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Re: Support for mirroring of EFI System Partition



Hi

On 2015-09-19, Francesco Poli wrote:
> On Sat, 19 Sep 2015 01:01:28 +0100 Steve McIntyre wrote:
> > On Fri, Sep 18, 2015 at 07:18:56PM +0200, Francesco Poli wrote:
> > >On Tue, 15 Sep 2015 23:54:36 +0200 Francesco Poli wrote:
> > >> On Sat, 12 Sep 2015 11:05:28 +0200 Francesco Poli wrote:
[...]
> That's understandable, I just have my new box sitting there waiting for
> me to install Debian stretch on it and I would like to avoid botching
> the installation plan and having to start over multiple times...

As Steve McIntyre mentioned, many UEFI firmwares are deeply flawed and
buggy, if you want to rely on it behaving sanely, you'll have to dry 
test the failure case on the mainboard in question (ovmf helps a lot to
experiments with the basics before).

[...]
> > To be honest, I think you're making it sound more complicated than it
> > needs to be there. If the normal "master" disk has failed, simply pick
> > by hand the first of the replicas and call that the new master.
> 
> What do you mean "pick by hand"?
> If I understand correctly, you mean that, after one drive breaks, the
> user would have to:

In the best case, the disk is totally dead and makes this already 
apparent to the mainboard firmware, so the firmware won't even try
booting from it. Unfortunately this is the least likely case of drive
breakage...

Pick by hand usually usually means to invoke the UEFI firmware boot
menu and to select the non-default boot entry by hand. For two reasons,
on the one hand your primary disk might not be totally dead and still get
into the way - on the other hand I wouldn't expect every UEFI firmware
to fall back silently, if the non-default UEFI entry can't be found.

Yes, this is a problem for remote systems where you can't just go there
and select a different boot entry on the local console.

>  • learn about it (by, e.g., receiving local mail about degraded
> arrays, the usual stuff) *before* the next grub-efi-amd64 upgrade

yes.

>  • manually check whether the broken drive is the one hosting the
> "master" ESP

not really, just don't upgrade grub if you know about a drive in your
array, after all the old grub should have been good enough to boot the
system.

>  • in case it is, manually alter /etc/fstab to mount one of the "slave"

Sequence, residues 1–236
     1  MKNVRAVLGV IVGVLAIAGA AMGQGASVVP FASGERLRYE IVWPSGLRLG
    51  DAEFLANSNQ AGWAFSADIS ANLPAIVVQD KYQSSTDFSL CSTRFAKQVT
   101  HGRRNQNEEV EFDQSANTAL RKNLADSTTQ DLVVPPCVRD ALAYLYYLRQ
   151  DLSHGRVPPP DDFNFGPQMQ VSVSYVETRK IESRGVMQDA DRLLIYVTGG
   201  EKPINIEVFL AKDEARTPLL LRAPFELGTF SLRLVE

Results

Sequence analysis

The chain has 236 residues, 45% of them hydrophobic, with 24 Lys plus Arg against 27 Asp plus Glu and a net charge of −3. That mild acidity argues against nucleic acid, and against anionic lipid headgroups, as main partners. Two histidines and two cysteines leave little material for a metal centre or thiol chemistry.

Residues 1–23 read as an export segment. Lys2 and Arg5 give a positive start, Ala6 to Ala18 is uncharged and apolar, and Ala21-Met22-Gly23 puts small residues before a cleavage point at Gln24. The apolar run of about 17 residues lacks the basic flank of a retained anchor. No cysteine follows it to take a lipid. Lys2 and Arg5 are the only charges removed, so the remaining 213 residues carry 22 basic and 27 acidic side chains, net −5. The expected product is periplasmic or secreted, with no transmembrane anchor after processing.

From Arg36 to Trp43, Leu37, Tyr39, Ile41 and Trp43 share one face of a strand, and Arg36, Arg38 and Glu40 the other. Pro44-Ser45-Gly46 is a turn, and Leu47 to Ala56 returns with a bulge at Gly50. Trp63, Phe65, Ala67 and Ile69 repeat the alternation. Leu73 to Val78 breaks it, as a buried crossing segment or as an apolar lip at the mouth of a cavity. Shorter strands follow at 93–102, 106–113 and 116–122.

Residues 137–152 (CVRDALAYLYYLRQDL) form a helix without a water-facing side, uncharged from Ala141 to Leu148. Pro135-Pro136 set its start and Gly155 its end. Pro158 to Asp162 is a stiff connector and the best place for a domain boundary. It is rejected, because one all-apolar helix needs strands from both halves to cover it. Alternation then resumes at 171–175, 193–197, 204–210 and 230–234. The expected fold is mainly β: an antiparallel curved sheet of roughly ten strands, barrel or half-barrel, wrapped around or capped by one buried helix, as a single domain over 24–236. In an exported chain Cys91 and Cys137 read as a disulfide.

> ESPs on /boot/efi

I wouldn't even do this. the ESP is only needed by the mainboard 
firmware at boot time, it doesn't need to be mounted under linux at all
(unless you want to upgrade grub, install a new kernel with gummiboot or
want to access the ESP any other way). Therefore I'd just mount it nofail
and only react to drive failures (by changing the mountpoint) when it's
actually necessary to do so.

>  • manually mount that "slave" ESP on /boot/efi
> 
>  • manually instruct grub-efi-amd64 to consider this "slave" ESP as the
> "temporarily-master" one and begin to sync other remaining ESPs (if
> any) to this one (maybe this may be automated, by having grub-efi-amd64
> consider the ESP mounted on /boot/efi as the "master" one, but the
> package needs to find the accessible "slave" ESPs anyway and this may
> be tricky)

imho, just ignore it until you have installed the new drive - unless 
replacing the disk will take more than a couple of days. But this depends
hugely on how reliably your system needs to be and how sure you are not
to make things worse by doing uncommon things in a hurry.

[...]
> > The proliferation of mount points looks messy to me, I'll be
> > honest. In fundamental terms, there's no real difference between what
> > you'll get on all the ESPs but you'll forever have more noise in "df"
> > and friends.
> 
> As I said, the extra "noise" in the output of df and friends seems to
> me a more than acceptable price for avoiding all the additional manual
> operations described above!

Finding a common policy would be great, but in general I wouldn't consider
the existance of additional mountpoints as particularly messy (all the
virtual filesystems provide more noise in that regard).